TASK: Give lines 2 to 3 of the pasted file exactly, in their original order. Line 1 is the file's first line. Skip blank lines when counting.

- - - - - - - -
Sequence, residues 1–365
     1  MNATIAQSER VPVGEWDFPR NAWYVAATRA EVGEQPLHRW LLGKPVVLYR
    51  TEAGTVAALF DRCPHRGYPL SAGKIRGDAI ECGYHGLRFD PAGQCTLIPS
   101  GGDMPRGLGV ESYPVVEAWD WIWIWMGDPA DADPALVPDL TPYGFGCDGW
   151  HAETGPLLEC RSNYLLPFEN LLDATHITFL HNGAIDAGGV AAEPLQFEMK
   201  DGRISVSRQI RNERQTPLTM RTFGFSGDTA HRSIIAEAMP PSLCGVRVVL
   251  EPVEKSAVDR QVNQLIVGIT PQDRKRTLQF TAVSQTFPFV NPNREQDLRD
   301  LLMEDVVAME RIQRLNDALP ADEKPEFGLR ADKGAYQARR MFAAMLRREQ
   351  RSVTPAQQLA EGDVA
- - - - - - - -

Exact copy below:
     1  MNATIAQSER VPVGEWDFPR NAWYVAATRA EVGEQPLHRW LLGKPVVLYR
    51  TEAGTVAALF DRCPHRGYPL SAGKIRGDAI ECGYHGLRFD PAGQCTLIPS